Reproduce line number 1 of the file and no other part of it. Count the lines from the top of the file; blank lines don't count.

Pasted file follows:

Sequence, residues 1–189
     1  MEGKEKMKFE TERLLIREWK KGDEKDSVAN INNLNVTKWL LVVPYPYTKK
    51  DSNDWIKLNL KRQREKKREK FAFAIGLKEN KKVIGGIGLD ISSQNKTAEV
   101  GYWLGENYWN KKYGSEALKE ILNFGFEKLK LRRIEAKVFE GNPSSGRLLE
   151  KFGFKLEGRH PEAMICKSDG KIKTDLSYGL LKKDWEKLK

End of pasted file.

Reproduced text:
Sequence, residues 1–189